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Collaborations: Sensing the Ecosystem

Jul 01, 2022   |   by Aimee Minbiole   |   Dartmouth Engineer

Engineering and studio arts major Emma Hazard ’22 has helped program, install, and maintain a network of sensors in a Dartmouth-owned forest in Corinth, Vt. Her work takes her to the computer, the workbench, and the woodland itself, which is under threat from the invasive emerald ash borer.

Emma Hazard '22 (right) is helping minimize the impact of the emerald ash borer on forests in Corinth, Vt.

Engineering and studio arts major Emma Hazard ’22 has helped program, install, and maintain a network of sensors in a Dartmouth-owned forest in Corinth, Vt. Her work takes her to the computer, the workbench, and the woodland itself, which is under threat from the invasive emerald ash borer.

The 700-acre ash-heavy forest offers a rare opportunity to study the trees and surrounding habitat while they’re still intact, says project leader David Lutz, a research assistant professor and lecturer in environmental studies. “Getting this far ahead of an invasive species and planning an experimental design well in advance is very novel.”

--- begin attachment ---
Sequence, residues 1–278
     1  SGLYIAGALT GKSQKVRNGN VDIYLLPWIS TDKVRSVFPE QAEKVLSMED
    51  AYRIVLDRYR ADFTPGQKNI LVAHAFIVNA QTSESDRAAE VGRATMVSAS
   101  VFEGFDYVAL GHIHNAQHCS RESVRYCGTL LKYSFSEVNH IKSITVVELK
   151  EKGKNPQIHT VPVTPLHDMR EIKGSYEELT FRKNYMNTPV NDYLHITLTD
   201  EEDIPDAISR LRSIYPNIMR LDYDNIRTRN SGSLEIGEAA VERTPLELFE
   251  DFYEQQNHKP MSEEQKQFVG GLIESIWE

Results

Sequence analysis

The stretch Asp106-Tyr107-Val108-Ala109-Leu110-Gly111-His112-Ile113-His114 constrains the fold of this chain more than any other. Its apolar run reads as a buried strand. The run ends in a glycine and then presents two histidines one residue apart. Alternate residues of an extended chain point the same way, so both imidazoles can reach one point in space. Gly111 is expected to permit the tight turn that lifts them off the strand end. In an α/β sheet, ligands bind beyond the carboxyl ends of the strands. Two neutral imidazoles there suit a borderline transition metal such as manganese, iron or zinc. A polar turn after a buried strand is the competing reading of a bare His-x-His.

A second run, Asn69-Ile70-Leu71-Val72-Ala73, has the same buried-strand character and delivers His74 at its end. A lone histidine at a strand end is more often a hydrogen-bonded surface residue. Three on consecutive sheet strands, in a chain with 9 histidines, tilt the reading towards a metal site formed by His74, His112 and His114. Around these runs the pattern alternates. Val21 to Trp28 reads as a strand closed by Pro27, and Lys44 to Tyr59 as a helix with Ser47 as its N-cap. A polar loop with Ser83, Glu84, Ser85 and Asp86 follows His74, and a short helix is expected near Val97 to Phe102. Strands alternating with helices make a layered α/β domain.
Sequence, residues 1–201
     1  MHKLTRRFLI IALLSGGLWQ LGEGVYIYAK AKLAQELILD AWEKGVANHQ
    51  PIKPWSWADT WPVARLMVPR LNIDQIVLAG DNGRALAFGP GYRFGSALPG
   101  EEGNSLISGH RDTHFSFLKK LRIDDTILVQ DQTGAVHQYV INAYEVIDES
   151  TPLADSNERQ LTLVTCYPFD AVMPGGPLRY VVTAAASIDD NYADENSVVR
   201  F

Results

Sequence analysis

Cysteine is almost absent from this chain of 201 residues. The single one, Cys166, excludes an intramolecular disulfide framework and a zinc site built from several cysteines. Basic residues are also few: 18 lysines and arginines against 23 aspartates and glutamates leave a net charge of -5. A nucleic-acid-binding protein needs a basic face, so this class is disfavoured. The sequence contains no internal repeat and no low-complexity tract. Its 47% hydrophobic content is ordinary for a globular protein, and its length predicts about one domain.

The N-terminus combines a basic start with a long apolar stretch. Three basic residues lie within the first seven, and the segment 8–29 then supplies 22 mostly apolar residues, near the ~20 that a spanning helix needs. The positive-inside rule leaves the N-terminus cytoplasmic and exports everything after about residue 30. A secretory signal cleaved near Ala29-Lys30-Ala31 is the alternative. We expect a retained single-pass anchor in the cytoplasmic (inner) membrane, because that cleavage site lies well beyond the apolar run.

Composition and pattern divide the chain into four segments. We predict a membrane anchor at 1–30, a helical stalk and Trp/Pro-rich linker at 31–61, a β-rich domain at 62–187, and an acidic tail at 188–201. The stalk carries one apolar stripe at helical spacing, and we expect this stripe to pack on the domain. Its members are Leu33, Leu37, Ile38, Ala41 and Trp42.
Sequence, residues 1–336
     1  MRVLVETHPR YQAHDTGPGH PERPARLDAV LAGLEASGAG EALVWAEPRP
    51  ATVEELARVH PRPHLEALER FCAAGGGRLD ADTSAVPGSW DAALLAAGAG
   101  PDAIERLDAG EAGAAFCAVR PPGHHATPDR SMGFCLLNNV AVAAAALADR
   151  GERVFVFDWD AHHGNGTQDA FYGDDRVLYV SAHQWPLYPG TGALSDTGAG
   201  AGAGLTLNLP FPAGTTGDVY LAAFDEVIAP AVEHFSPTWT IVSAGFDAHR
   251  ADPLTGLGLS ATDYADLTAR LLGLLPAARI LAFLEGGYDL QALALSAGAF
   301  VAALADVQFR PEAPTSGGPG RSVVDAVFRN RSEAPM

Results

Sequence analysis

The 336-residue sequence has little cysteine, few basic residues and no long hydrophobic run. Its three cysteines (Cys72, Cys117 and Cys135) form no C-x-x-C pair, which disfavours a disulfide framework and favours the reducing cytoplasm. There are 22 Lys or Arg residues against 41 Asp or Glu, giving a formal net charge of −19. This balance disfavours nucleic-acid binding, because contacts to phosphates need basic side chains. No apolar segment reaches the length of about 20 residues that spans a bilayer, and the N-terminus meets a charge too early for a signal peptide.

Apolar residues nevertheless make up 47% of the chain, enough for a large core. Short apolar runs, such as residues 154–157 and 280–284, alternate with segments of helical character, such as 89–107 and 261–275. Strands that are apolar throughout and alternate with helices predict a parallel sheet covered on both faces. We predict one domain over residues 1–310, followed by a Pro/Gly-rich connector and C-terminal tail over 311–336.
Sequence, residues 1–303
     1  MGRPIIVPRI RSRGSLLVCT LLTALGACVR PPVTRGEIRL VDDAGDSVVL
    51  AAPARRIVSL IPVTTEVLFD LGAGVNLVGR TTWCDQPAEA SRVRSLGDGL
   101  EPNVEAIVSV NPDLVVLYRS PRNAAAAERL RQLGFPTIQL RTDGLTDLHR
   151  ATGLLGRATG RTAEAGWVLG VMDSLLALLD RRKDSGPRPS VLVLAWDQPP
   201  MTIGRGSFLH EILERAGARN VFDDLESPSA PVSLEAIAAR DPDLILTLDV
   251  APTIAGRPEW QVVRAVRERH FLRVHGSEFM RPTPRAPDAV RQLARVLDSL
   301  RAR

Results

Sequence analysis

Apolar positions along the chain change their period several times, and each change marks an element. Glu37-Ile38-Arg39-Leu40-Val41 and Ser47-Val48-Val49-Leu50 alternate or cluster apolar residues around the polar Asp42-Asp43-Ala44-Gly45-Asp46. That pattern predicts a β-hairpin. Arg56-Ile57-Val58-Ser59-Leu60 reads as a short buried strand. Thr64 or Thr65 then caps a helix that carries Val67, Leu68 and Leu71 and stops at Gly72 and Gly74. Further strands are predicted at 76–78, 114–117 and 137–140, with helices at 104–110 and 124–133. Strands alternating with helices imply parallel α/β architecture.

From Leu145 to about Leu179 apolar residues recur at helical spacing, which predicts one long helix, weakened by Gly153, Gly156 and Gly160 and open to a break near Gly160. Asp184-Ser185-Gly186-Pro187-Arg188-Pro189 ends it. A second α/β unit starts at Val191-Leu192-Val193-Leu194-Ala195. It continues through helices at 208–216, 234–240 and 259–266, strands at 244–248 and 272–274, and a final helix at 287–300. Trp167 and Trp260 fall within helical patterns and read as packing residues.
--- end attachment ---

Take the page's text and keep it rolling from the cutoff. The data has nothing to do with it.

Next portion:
Hazard, with Lutz’s team, is exploring the ecological role white ash plays in forests and testing strategies for minimizing the impact of the emerald ash borer. It’s complex work that requires an understanding of engineering, computing, environmental science, and ecology, which might scare off any number of seasoned researchers, says Lutz. “You have to be comfortable being stuck and finding solutions.”

Hazard is learning new programming languages and building an app to collect, transmit, and filter environmental data from remote areas in real time. While some researchers love to put on hiking boots and bug spray, Hazard prefers the technical aspects. Nonetheless, she says, “It’s always fun to be out there and definitely worthwhile.”

The work draws expertise from a variety of research partners, including Cornell Lab of Ornithology, the University of Florida, the University of Vermont, and the US Forest Service, as well as Kevin Evans, Dartmouth’s director of woodland operations. “Ecosystems are complex places … and casting a wide net is the key to success,” says Lutz.

"Professor Lutz is adamant about student researchers taking an active part."

—Emma Hazard ’22

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